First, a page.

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Magical moggie who's feline fine

Jul 2 2004

Rob Driscoll, The Western Mail


MILLIONS of women would agree that Antonio Banderas is the sexiest man in movies today. But the funniest?

OK, there's a bit of tongue-in-cheekery going on in The Mask of Zorro, but generally this smouldering Spanish Lothario is known for his brooding dramatic work, be it playing Che Guevara in Evita or the renegade Western hero in Desperado.

So it's somewhat ironic that, at the age of 43, Banderas is finally getting the unanimous rave reviews he's always dreamed of, and the biggest laughs - for providing the voice for a cartoon cat.

However, this is not your average animated moggy.

For if there is one character in Shrek 2 that fans are talking about most, it's the newly-introduced Puss in Boots, the hilarious, attitude-heavy tabby who spends half the time strutting around in riding boots and showing off his lightning-quick swordmanship...and the other half coughing up fur balls.

"This is the first time in my life that I am totally secure that they didn't call me because of my looks," quips Banderas.

"And Puss in Boots is a character I have known since I was maybe three but I never dreamed I would have the chance to play him.

"It was also great fun to have a little laugh at the expense of my Zorro character."

Indeed, there's no getting away from the fact that Puss in Boots is a hilarious feline spoof of the swashbuckling, black leather-clad hero that Banderas is due to revisit later this year, once again with Catherine Zeta Jones, when he starts shooting the long-awaited remake Zorro 2.

Despite the humour, Banderas still manages to transform Puss in Boots into the sexiest thing in animation since Jessica Rabbit , all the while stealing the show right from under Shrek's bulbous nose.

"I couldn't believe it when I heard women had started saying that they found Puss sexy!" says the Malaga-born heartthrob.

"Now I'm imagining that ladies will stop me at the traffic lights, wind down their windows and say, 'Meee-aow!'"

However, let's not forget there's a lot more to this box office-conquering sequel than a cat with a multiple-personality disorder.

At the centre of events, it's still about Hollywood's hottest, if most hideous couple, our ugly-mugged, green-bodied ogre hero Shrek (voiced by Mike Myers) and his new bride Princess Fiona (Cameron Diaz).

After battling a fire-breathing dragon and the evil Lord Farquaad to win the hand of Princess Fiona, Shrek now faces his greatest challenge: the in-laws.

Shrek and Princess Fiona return from their honeymoon to an invitation to visit Fiona's parents, the king and queen of the Kingdom of Far, Far Away (John Cleese and Julie Andrews).

But no one could have prepared the imposing royals for the sight of their new son-in-law, not to mention how much their little girl had changed.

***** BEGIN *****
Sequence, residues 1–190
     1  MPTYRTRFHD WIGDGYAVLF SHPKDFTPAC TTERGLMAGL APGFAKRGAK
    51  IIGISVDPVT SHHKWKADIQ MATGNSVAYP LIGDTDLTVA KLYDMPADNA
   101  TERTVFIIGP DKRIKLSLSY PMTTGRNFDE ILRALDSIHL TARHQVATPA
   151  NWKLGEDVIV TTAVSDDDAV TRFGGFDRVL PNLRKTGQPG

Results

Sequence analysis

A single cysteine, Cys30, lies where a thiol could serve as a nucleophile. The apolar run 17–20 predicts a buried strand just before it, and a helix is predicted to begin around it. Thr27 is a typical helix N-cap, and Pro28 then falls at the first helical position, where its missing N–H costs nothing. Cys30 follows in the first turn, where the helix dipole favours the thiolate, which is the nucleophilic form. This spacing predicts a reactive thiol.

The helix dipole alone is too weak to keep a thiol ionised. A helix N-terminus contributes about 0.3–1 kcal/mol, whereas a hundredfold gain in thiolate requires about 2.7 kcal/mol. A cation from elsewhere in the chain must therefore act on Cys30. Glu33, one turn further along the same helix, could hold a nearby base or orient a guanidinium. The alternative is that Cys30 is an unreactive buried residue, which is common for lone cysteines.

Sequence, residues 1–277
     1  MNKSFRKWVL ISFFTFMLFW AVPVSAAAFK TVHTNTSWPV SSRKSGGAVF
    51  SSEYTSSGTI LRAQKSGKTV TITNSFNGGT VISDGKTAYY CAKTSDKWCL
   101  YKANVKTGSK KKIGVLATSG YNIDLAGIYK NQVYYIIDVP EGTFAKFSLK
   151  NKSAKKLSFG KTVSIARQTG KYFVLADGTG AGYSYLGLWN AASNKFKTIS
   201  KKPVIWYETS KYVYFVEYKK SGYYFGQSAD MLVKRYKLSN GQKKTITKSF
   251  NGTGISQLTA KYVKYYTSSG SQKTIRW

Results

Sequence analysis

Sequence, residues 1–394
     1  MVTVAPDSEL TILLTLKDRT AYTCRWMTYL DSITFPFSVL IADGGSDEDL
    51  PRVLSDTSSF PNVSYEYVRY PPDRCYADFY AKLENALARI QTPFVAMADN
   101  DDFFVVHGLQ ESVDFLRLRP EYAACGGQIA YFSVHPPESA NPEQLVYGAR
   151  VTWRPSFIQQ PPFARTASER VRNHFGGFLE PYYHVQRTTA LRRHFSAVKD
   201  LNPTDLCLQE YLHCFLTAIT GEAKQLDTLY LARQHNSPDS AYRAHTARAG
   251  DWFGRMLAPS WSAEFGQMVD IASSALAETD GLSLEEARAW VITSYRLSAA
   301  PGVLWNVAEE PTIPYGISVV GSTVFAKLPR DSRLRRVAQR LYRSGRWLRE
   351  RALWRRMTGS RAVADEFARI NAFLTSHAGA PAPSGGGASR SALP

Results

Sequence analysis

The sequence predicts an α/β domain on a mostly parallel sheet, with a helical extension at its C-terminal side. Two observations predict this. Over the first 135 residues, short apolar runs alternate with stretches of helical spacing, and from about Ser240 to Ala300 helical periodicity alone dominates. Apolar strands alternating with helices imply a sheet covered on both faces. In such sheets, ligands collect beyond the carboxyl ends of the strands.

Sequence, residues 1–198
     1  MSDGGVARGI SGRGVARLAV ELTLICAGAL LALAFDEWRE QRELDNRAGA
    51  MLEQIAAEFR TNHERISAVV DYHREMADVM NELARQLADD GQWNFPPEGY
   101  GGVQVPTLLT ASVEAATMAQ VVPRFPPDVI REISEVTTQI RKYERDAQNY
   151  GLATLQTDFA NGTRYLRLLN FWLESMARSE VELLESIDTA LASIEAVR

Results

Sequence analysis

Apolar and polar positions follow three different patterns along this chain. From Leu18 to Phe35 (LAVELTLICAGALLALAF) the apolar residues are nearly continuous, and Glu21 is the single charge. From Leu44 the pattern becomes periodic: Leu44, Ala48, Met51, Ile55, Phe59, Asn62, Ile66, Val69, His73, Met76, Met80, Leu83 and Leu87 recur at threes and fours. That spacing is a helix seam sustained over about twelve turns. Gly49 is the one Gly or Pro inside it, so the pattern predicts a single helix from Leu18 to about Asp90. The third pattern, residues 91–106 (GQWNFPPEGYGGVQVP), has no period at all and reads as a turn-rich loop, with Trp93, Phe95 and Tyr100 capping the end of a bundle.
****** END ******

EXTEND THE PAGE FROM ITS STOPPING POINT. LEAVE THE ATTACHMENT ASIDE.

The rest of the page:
Likewise, little did Shrek and Fiona know that their marriage had foiled all of her father's plans for her future - and his own.

Now the king must enlist the help of a powerful Fairy Godmother (Jennifer Saunders), the handsome Prince Charming (Rupert Everett) and that famed ogre killer Puss In Boots (Banderas) to put right his version of "happily ever after."

New fairy tales opened the door to new characters, but Shrek 2 could only have come about with the return of the central characters Shrek, Donkey and Princess Fiona, and, more importantly, original cast members Mike Myers, Eddie Murphy and Cameron Diaz to voice them. Executive producer Jeffrey Katzenberg asserts, "It would have been unthinkable to have Shrek without Mike Myers, Donkey without Eddie Murphy, or Princess Fiona without Cameron Diaz.

"They were a huge part of the first film's success and making the sequel without them was simply not an option."

Proving that you can take the ogre out of the swamp, but you can't take the swamp out of the ogre, Shrek 2 sends Shrek, Donkey and Princess Fiona on a journey to Far, Far Away, which is about as far removed from the swamp as they could imagine. Shrek 2's director Andrew Adamson explains, "We knew from the very beginning that we wanted to make Far, Far Away the antithesis of everything Shrek. So we asked, 'Okay, what is Shrek?'

"He is totally not image-conscious. He likes to live his own way and do his own thing. And what is the opposite of all that? The answer was easy: Beverly Hills, the epitome of image-conscious, status-conscious, and wealth-conscious, everything that Shrek isn't.

"We thought it would be fun to put Shrek in an environment that was the complete opposite of his world."